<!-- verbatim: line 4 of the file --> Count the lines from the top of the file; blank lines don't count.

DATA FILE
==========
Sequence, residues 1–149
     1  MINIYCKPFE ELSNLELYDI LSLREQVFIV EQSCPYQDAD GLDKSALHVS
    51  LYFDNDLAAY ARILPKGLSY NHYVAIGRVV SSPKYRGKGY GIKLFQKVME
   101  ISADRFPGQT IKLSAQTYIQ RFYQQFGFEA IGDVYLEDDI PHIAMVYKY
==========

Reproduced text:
   101  ISADRFPGQT IKLSAQTYIQ RFYQQFGFEA IGDVYLEDDI PHIAMVYKY